Physicians visits in the U.S. on a per capita basis generally were lower (4) than found in the 30 other industrialized countries (6.4). The rate in the U.S. was lower than all but four of the 25 countries that reported on this measure.
On a per capita basis, fewer practicing physicians were found in the U.S. (2.4 per 1,000 population) than most other OECD countries. The median there was 3.3 physicians.
Hospital stays in the U.S. were less frequent and shorter—but more expensive. The number of hospital discharges per 1,000 population in the U.S. (119) was in the bottom quartile among OECD countries—much lower than the OECD median of 162.
The U.S. had among the fewest acute care hospital beds per capita (2.7 per 1,000 population) among OECD countries (median was 3.4).
Spending per hospital discharge in the U.S was ($17,126), which was 2.5 times higher than the average of OECD median ($6,867) and almost 50 percent higher than the Netherlands, the second most expensive OECD country ($11,522).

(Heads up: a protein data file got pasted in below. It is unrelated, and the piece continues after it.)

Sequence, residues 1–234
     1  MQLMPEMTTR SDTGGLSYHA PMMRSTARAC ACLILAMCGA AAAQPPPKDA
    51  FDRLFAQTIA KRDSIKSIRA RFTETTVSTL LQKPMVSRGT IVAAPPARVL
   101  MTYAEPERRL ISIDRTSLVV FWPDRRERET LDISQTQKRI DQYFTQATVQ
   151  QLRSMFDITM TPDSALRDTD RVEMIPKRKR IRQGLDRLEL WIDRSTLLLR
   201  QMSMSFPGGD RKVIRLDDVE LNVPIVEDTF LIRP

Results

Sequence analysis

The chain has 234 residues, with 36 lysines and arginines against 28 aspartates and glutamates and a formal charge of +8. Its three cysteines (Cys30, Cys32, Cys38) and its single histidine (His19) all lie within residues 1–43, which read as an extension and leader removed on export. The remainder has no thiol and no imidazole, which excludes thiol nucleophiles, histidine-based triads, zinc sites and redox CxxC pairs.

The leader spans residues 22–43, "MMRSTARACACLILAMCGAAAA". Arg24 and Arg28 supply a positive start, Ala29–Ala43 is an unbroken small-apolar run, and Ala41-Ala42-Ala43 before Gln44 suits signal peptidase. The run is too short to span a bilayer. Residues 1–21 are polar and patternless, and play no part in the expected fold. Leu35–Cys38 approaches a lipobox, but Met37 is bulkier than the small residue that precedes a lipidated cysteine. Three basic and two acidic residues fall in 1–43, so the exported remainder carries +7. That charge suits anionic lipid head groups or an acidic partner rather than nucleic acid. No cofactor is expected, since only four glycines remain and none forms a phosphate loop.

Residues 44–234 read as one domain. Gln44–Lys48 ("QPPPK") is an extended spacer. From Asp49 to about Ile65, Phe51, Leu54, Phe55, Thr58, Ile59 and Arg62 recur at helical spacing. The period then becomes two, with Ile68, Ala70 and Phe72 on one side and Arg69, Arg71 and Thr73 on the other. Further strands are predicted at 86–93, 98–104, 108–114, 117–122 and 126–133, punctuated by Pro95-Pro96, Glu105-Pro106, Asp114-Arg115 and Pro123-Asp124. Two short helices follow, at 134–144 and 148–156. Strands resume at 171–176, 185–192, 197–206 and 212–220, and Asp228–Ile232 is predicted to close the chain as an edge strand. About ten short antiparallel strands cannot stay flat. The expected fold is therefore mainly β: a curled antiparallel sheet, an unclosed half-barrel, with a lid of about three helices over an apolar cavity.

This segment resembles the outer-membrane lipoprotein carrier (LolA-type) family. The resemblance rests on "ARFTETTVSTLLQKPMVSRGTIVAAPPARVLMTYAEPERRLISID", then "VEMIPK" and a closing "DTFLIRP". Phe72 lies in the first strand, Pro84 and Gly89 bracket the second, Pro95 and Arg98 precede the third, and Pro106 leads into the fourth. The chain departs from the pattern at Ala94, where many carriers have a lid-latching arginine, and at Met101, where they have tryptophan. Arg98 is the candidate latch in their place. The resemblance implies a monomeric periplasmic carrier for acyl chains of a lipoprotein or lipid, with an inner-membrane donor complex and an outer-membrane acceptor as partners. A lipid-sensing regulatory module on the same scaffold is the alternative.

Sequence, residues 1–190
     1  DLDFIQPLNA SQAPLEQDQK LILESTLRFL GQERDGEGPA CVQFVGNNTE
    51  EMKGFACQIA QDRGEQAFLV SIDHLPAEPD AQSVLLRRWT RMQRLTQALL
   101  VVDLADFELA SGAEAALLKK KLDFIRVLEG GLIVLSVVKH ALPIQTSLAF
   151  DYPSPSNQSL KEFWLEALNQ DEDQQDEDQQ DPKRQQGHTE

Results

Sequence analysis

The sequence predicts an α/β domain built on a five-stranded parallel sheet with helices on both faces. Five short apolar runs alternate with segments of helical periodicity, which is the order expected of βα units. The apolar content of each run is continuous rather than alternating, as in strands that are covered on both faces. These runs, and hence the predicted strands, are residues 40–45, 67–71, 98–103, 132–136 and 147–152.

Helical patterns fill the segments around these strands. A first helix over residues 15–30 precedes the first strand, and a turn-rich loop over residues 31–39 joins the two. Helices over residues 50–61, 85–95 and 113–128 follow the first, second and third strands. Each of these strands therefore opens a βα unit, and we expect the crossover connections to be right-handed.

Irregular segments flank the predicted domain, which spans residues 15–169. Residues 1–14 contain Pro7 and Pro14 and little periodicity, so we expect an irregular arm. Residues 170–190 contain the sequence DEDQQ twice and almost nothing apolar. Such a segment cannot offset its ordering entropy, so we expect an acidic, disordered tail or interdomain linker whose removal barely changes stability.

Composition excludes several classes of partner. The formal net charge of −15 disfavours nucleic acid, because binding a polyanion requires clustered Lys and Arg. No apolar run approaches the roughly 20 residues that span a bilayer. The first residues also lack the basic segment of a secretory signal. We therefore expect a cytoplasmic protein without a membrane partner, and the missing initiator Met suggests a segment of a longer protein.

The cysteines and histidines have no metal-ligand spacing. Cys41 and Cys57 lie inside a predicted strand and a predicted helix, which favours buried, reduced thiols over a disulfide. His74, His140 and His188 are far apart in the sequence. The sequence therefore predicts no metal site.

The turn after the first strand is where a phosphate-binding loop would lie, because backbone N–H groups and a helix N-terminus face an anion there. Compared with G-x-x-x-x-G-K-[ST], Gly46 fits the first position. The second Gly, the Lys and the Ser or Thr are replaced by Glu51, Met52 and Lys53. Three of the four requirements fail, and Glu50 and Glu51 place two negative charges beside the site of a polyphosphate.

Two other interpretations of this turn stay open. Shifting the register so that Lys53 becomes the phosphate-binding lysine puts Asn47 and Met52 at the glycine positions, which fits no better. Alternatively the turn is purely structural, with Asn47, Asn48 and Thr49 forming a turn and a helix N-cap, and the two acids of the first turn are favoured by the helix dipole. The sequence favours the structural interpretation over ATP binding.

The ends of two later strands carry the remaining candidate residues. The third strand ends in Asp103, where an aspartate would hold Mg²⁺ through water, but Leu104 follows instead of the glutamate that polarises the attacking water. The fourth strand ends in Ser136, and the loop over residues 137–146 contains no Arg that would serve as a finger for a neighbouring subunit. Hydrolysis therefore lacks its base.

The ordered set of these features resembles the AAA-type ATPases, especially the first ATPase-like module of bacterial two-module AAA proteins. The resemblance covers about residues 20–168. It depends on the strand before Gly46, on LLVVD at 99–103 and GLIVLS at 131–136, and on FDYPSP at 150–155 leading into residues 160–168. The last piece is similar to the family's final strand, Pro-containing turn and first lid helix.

Average life expectancy at birth in the U.S. was 77.8 years— placing it at the bottom quartile among the 30 OECD countries in 2006 (Exhibit 5). Ten countries had life expectancies at birth of over 80 years. The U.S. had the smallest increase in life expectancy among all OECD countries from 1986 to 2006—3.1 years, compared with the median of 4.7 years.
High tech medical procedures are performed at a high rate in the U.S. Sophisticated imaging technology was comparatively prevalent in the U.S., with 33.9 computed tomography (CT) scanners and 26.5 magnetic resonance imaging (MRI) units per million population, compared with 14.8 CT scanners and 7.7 MRI units in the OECD median. Only two countries (Australia and Belgium) had more CT scanners per capita than the U.S., and only one country (Japan) had more MRI units.